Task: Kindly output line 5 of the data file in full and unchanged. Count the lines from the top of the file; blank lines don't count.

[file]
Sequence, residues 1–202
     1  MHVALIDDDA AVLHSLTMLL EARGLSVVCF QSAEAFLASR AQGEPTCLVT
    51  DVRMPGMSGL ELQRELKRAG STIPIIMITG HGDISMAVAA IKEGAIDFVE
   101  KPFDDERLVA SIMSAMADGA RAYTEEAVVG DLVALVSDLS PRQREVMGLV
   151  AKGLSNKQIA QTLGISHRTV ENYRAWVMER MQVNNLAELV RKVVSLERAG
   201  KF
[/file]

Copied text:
   151  AKGLSNKQIA QTLGISHRTV ENYRAWVMER MQVNNLAELV RKVVSLERAG